South African Cultural Observatory

Join Future Festivals South Africa to map new possibilities for Festivals in the Age of Covid-19

BY Prof Jen. Snowball 17.12.20

Festivals have been one of the sectors most affected by Covid-19 globally. Arts and culture festivals provide all kinds benefits to host economies, artistic producers, and to audiences, and have been increasing in number worldwide and in South Africa. Festivals provide important platforms for artists and performers to showcase new work, network with potential sponsors and future creative partners, connect with audiences, build their reputation and earn some income. For audiences, festivals can be spaces of experimentation and learning, as well as opportunities for entertainment, meeting new people, and building inter-cultural understanding.

In economic terms, festivals contribute to livelihoods and local economic development of host cities. A recent national mapping study of the South African creative economy showed that the “Performance and Celebration” domain, which includes all live music, performance arts, and festivals, grew at a faster annual rate (3.4%) than the rest of the economy (1.1%) between 2016 and 2018 (SACO Mapping Study, 2020).

Early research on the impact of the COVID-19 shut-down on the creative economy showed that the Performance and Celebration domain (which includes all live music, performance arts, and festivals), was the hardest hit sector in the creative economy.

In response to the pandemic and the sector’s fast-changing needs, researchers from King’s College London and Rhodes University have launched a new research initiative: Future Festivals South Africa: Possibilities for the Age of Covid-19 (www.future-festivals.org) in partnership with the South African Cultural Observatory.

This international collaborative project is funded by the UK Arts & Humanities Research Council. It aims to investigate the impact of Covid-19 on arts festivals in South Africa – and to support festivals in surviving these challenging times, and to thrive in the future.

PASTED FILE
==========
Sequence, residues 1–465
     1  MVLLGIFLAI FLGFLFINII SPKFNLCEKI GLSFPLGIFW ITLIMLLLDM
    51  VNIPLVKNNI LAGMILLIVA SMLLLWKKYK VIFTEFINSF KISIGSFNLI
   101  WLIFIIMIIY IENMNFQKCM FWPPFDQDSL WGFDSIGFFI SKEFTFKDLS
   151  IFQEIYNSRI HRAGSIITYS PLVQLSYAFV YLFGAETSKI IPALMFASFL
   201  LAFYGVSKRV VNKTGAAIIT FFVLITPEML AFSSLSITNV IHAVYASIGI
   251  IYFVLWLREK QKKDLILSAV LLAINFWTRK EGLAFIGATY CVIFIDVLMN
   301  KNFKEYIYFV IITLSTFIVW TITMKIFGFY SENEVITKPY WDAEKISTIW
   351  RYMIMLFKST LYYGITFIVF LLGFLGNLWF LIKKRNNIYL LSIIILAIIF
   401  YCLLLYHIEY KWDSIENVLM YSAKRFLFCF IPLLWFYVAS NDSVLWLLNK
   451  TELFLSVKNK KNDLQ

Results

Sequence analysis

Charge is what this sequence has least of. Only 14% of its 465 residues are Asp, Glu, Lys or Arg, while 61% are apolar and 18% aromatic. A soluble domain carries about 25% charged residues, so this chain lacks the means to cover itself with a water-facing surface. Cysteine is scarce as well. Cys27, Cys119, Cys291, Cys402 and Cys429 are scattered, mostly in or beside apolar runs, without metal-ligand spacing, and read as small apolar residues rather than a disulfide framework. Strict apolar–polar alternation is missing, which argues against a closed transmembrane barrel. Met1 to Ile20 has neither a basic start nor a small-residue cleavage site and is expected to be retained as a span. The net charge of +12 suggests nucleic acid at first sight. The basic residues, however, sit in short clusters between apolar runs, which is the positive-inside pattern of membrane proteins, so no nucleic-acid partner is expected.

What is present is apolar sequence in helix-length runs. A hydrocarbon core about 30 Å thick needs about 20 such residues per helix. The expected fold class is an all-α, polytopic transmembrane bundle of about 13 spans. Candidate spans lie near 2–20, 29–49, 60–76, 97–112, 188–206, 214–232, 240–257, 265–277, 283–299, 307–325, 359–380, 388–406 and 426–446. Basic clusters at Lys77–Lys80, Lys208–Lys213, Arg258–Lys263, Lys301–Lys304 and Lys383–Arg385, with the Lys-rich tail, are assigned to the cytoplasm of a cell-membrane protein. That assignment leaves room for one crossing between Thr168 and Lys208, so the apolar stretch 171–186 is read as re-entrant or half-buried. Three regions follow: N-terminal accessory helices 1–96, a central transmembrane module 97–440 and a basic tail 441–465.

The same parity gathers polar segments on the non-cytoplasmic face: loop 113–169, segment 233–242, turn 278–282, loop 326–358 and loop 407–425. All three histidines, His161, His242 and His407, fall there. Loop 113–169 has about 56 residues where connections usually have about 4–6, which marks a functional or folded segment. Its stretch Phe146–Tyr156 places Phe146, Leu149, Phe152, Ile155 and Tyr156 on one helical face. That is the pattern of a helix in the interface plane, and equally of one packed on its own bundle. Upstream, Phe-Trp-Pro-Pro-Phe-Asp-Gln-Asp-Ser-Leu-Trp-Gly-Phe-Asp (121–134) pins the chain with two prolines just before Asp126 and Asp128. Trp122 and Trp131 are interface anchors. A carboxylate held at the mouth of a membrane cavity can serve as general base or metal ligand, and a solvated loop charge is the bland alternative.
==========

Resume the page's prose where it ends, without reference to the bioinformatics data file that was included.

Part of the work of the Future Festivals South Africa project is to track the impact of the lockdown and social distancing measured put in place, as well as the adaptation strategies used by festivals that did continue. Of the cultural festivals we have mapped so that, , only 43 out of 74 that ran in 2019, took place in 2020. Adaptation strategies included postponement, having smaller "pop-up" mini events , moving online to have a "virtual" digital festival , or a hybrid (online and "live") event .

The outcomes of this initial mapping are available on the project website http://www.future-festivals.org/  and feedback from festival organisers is welcomed. 

In addition to researching specific festivals, the project will be running some online seminars and workshops that will be used to share research findings, and hear how festival producers and creatives have adapted to the lockdown conditions, and their plans for the future.

If you work as a manager of an arts and culture festival in South Africa, we would like to hear from you!

Please email futurefestivalssouthafrica@gmail.com to be invited to take part in the project research activities and network. If you simply want to keep up to the date with the research project, register on this mailing list and you will receive regular updates.

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